Solid electrolyte oxygen sensing cells which produce a voltage indicative of the difference in oxygen partial pressures between the sampling side of the cell and the reference gas (usually air) side of the cell have been used for many years. In recent years, various attempts have been made to adapt these units to automotive use since the cells have the property of undergoing a very large change in voltage output when the air/fuel ratio of the exhaust gases they contact moves from one side of stoichiometry to the other. By utilizing an oxygen sensor in combination with a closed loop control systern it is possible to control the fuel or air input to the engine or to the catalytic converter so that the air/fuel ratio can be precisely controlled.

Although the advantages of using oxygen sensors as an aid in controlling engine emissions are well known, those persons working in the art have experienced great difficulty in producing a sensor which can, for long periods, withstand the extremely hostile environment of an automotive exhaust system. For example, a sensor should be able to withstand continual temperature changes from as low as -50F to l500F with occasional temperature spikes of an even greater temperature. The sensing element and seals should have sufficient thermal shock resistance to withstand heating from -50F to 700F in about 1 second. The sensor should be resistant to poisoning by lead, sulfur and phosphorus, should have a thermal expansion coefficient capable of permitting its seals to withstand continual temperature cycling for 25,000 miles or more of engine operation, and should be impervious to prevent gas leakage from its sampling side to its reference side. Furthermore, it should respond very quickly to produce a voltage output which can be used to produce almost instantaneous corrections in the engine air/fuel ratio. Finally, it should be low in cost, compact, vibration resistant, and easy to mount and remove.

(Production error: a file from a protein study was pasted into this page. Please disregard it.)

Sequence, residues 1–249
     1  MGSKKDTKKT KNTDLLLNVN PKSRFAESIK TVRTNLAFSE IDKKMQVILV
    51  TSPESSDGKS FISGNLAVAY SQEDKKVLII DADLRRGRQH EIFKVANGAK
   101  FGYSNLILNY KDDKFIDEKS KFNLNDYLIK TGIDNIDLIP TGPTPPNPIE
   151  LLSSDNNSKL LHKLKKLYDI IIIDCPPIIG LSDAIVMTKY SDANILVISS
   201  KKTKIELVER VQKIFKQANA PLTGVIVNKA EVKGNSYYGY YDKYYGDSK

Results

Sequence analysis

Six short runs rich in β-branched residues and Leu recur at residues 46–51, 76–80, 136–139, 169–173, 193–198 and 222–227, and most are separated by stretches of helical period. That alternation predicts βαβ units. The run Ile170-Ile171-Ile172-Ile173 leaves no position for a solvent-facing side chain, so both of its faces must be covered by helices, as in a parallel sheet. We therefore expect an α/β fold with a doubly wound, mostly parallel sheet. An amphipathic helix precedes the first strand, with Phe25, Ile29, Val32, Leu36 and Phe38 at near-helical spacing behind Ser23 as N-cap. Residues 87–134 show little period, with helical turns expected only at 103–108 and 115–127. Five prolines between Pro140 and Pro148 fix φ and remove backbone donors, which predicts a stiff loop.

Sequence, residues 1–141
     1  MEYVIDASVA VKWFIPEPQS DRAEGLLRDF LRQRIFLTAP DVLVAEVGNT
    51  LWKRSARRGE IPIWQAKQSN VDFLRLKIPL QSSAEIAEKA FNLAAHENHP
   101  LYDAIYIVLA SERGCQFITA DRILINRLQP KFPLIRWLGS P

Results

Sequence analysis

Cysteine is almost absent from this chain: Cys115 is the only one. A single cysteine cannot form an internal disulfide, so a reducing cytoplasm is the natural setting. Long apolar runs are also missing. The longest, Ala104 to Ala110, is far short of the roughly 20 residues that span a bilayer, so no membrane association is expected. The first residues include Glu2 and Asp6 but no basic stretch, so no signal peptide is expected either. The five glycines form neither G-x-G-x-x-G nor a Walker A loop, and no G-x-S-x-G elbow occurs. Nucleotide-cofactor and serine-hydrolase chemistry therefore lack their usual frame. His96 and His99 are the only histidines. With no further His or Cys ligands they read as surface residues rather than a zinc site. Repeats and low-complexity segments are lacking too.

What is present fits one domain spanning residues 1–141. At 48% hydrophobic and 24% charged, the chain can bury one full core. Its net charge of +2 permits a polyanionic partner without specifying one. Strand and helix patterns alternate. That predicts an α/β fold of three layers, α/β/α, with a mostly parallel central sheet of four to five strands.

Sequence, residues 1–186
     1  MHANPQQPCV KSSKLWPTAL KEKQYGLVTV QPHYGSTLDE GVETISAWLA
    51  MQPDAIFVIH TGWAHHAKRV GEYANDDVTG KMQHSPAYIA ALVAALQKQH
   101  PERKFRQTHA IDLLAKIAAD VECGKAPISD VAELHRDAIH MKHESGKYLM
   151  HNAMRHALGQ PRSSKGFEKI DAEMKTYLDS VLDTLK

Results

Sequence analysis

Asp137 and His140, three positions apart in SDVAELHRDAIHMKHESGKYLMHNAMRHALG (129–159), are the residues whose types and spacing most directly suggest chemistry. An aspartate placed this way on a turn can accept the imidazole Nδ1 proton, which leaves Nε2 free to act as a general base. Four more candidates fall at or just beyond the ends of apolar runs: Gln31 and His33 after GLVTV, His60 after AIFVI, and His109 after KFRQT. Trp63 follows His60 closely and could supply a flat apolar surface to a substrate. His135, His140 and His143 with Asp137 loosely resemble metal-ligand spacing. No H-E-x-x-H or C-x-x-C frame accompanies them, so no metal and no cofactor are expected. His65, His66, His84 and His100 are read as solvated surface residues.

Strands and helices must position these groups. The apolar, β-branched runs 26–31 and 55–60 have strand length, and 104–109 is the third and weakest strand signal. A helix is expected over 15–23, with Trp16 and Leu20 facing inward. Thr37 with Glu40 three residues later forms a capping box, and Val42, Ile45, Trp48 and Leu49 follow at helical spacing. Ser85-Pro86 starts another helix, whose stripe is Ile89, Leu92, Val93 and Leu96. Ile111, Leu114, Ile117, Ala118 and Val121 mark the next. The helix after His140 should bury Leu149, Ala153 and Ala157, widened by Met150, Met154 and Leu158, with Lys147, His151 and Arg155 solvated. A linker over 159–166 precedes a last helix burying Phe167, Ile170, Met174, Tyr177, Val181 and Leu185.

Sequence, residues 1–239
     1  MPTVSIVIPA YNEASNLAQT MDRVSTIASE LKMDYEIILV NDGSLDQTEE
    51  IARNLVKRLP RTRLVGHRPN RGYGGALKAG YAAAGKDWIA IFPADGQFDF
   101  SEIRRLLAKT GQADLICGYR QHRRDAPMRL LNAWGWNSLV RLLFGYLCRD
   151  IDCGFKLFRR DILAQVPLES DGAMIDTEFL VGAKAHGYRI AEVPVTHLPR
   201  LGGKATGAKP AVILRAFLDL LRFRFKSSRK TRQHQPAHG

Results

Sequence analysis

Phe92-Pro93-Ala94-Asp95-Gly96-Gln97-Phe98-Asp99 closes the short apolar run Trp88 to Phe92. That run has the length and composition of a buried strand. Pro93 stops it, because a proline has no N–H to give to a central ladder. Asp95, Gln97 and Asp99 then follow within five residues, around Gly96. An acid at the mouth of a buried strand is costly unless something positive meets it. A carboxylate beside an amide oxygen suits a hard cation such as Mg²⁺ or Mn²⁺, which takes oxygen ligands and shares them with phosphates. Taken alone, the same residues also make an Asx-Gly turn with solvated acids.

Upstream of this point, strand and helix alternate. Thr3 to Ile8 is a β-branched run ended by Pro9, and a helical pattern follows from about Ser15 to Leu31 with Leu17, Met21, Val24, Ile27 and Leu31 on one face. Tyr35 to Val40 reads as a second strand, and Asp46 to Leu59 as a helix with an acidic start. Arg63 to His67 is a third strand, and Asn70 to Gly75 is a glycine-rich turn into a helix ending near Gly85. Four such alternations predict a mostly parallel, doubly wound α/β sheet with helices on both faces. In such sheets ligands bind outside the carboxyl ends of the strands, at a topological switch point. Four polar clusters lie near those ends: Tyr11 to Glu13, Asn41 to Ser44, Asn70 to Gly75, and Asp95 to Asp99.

Because of the rugged nature of an automotive exhaust environment as compared to a flue or stack, for

example, oxygen sensors which are suitable for the latter use are not suitable for automotive use. Most prior art oxygen sensors utilize heating elements to maintain the solid electrolyte cell at a sufficiently high temperature (over about 750F) for it to produce a voltage. Such sensors are not only bulky but also expensive. Although a wafer type solid electrolyte oxygen sensing cell is disclosed in East German Pat. No. 21,673, it is quite unlikely that the spring biased seal provided for the wafer to isolate the outer sampling side from the inner reference side would be effective to prevent leakage of gases from the sampling side to the reference side if the sensor were used in an automotive exhaust system. The usual form of the solid electrolyte for automotive type oxygen sensors has been thimble shaped. This choice has no doubt been made, even though a thimble shape would be far more expensive and difficult to form as compared to a flat shape, for the reason that it has been thought that it would be extremely difficult, if not impossible, to provide an effective and durable hermetic seal using a flat shape. A hermetic seal is necessary since the solid electrolyte produces a voltage in accordance with the difference in oxygen partial pressures on its two sides. Obviously, a leakage of gases will produce an incorrect voltage. The problem is relatively minor where the leak is small and the composition of the sample gas is constantly changing. However, when the engine is running in a steady state condition, any leak can be important, especially since it is generally desirable to have no more than a very limited circulation of the reference gas in order to maintain the gases on each side of the electrolyte at the same high temperature.